Tuesday, October 31, 2017

Purse Organizer

         Had a request from a friend to make a purse organizer for her large purse.  I pulled up one of my first tutorial posts from September 1, 2011.  It was actually the very first thing I made with the Ellisimo.
        The post was appropriately titled In the Beginning. (I have learned since to give my posts a more clear title so google can find the actual projects.)  The goal of this blog was to share ideas using more pictures than words, thus jots and shots.
          Here is a revised version of the purse organizer, being much larger but less bulky.  It's basically patterned after the same concept I use in making my Mug Organizers.  Basically just a very large version of the mug organizer.


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Tuesday Tutorial
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 Iron on light weight interfacing completely to one of the 3/8 yard pieces of fabric.
 Sew all 10 inch pieces of fabric together on short side,
creating one long piece of fabric.
 Fold in half, press.
Cut in half.
Lay pocket pieces with raw edge to raw edge of background piece
that had interfacing ironed on
 Divide the pocket section as desired.  
Possibly consider what is to be stored.
Mark stitching lines.
An iron away marking pin was used here.
Notice directions pins are placed.

 Pins are placed so stitching can start at fold 
with a zero zig zag length to tack the top of the pocket.
Back stitch could work as well for this "stress" area.

 After zig zag or reinforcement stitch,
continue stitching down the marked line.
Direction is ignored when doing outer edges.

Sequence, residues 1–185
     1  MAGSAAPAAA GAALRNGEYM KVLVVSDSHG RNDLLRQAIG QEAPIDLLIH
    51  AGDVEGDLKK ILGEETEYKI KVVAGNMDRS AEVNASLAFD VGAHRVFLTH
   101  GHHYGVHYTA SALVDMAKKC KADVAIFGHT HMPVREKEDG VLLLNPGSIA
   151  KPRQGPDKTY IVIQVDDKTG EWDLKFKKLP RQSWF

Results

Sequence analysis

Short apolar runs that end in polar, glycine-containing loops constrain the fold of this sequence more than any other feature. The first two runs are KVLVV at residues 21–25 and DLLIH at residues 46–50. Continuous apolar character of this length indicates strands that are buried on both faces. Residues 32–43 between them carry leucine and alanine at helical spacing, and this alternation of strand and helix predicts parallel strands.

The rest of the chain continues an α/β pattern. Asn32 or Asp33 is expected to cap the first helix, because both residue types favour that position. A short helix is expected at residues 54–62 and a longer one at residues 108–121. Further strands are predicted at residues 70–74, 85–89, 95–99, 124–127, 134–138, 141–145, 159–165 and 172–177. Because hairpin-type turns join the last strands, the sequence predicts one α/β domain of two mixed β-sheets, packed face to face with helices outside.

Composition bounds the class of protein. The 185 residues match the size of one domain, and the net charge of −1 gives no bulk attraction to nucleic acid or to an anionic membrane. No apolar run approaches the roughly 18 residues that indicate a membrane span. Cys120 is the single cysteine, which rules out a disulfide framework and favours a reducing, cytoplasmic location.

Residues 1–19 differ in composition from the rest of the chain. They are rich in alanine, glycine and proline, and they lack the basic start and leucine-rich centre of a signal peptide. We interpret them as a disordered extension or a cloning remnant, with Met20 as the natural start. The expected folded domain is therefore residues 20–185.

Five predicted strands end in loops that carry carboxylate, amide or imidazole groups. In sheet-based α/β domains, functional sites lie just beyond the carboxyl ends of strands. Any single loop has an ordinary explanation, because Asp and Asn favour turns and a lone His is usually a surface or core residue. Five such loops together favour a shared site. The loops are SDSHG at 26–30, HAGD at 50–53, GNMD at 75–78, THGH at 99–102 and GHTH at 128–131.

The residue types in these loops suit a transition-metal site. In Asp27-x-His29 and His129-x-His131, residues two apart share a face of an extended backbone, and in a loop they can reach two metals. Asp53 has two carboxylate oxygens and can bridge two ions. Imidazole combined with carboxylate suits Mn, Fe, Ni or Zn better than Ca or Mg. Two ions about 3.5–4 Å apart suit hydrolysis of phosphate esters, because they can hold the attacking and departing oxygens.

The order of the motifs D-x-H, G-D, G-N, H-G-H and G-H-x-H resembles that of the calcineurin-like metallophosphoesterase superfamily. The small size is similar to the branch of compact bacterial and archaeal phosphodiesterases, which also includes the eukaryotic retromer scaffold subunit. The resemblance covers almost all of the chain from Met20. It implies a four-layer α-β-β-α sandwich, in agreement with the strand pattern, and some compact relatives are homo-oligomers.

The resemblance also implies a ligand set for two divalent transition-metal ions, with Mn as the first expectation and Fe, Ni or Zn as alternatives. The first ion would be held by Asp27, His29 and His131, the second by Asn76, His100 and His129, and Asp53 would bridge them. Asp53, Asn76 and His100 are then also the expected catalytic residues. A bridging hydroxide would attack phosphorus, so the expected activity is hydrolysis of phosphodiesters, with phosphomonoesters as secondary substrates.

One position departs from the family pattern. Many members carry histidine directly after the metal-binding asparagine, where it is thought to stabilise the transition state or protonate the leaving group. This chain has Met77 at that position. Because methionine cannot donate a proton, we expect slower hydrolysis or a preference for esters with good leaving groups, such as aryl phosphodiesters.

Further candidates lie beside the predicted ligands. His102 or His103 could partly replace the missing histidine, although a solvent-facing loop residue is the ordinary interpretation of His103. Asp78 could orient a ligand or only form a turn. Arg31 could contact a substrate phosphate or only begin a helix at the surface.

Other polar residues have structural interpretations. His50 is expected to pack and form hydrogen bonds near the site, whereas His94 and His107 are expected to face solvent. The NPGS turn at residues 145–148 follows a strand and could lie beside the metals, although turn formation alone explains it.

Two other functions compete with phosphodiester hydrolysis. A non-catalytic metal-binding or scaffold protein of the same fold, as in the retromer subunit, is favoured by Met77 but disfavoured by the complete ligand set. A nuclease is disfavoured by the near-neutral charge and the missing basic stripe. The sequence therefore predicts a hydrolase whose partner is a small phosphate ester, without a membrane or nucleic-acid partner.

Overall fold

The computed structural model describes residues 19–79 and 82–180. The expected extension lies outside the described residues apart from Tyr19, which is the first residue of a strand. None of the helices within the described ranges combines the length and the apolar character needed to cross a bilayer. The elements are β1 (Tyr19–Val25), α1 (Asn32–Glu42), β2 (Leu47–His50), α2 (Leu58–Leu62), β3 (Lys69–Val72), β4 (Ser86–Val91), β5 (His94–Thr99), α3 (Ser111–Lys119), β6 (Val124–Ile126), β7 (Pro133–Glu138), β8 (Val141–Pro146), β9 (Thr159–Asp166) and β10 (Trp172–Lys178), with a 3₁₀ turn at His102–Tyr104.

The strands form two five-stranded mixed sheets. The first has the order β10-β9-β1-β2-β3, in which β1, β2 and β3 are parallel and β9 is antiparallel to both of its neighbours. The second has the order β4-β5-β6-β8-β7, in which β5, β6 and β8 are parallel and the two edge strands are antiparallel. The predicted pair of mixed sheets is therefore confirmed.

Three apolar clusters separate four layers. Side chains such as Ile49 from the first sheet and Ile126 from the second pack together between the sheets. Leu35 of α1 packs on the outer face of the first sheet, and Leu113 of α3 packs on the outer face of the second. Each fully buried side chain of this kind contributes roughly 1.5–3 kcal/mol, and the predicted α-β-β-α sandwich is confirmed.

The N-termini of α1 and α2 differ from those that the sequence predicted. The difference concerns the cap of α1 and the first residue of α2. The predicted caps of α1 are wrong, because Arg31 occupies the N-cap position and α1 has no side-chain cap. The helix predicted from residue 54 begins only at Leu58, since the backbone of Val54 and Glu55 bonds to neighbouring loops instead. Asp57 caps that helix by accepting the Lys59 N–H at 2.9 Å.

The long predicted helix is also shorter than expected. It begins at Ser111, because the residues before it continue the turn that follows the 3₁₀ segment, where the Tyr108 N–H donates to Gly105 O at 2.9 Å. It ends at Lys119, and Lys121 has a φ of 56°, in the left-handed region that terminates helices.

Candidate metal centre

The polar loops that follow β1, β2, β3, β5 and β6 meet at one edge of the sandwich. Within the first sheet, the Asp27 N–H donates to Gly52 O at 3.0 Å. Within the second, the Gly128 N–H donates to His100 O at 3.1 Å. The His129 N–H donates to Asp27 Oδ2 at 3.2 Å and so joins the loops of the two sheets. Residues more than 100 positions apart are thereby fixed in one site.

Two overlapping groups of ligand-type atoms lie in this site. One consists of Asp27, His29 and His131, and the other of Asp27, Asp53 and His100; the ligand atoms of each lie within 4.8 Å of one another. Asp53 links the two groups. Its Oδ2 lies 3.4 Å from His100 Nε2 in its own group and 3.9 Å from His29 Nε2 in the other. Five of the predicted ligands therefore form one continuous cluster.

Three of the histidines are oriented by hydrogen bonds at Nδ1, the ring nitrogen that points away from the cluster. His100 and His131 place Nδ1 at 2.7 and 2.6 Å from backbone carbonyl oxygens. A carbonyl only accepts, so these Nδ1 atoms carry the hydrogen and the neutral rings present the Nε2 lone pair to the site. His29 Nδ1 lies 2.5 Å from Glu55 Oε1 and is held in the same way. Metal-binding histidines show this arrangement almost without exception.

When doing outer edges, it's easier to put all the bulk of the fabric to the left.
 Stitch along the bottom (raw edge) with less than 1/4 inch seam,
folding the excess fabric in the center of each pocket.

 Notice these pockets have different amounts of space in each pocket.
No super accurate measurements needed.
 

Take other 3/4 yard piece and place right sides together
on top of pockets.
Pin with pin heads laying outside edges.

Double pin area not to be stitched on end where piece will be turned inside out.

Turn piece over, and stitch around edge just inside edge of previous stitching
of bottom of pocket edge.
Remove pins so not to stitch over them.
The pin heads lay outside the edge so you can see them as you come to them.


 Trim corners.
Turn inside out through opening.

Take finger nail or pressing piece along seam line,
 then roll edge to seam
and press.

 Trim all threads
 Top stitch all around the edge.
Quarter in top stitch on end, and
one half inch on long edge.
 Quarter inch top stitch is used on end to close opening.
 Half inch topstitching is used on long edge because of bulk of folds of inside seam.

Finished.
 The organizer is folded to fit the purse.


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 You'll find this post at several Linky Parties. Please check them out for some great ideas.



Thanks to 


 Photoscape for downsizing & watermarking photo

Monday, October 30, 2017

Memory Mon 70~ Feed Sack Dress Memory

My local quilt shop, Birdsong, is now selling this fabric which reminds me of 
the feed sacks I made some of my first dresses.
I think my Mother let me use the fabric,
because it was basically free,
so if I messed up, nothing was lost.
A friend of mine and I, made some dresses from this fabric and
we wore them to high school.
Wish I still had those dresses.
And, imagine what they would really cost now!
**
Shannon at Birdsong, chose this fabric and pattern
and asked me to make this dress.
 It was an easy dress to make.
However, there are some construction techniques 
I will tweak for the next dress,
the pocket being one.

 The pattern instructed the neck be topstitched from the right side.
To me that was stitching blindly,
Since the outer seam is not seen, I chose to stitch from the inside
because when you view the neckline here,
that's the top stitch line you see.

 I also chose a different layout which didn't use as much fabric.

I used the larger armhole size so it could be worn as a jumper with a top underneath.
Yes, it has side pockets.

Sunday, October 29, 2017

Sun Best ~ Kentucky Fall Drive

Mr. G and I took a drive through a large part of Kentucky and Tennessee
Tuesday through Thursday.
Here are some shots taken between Georgetown and Glasgow, Kentucky
enJOY the beautiful nature.











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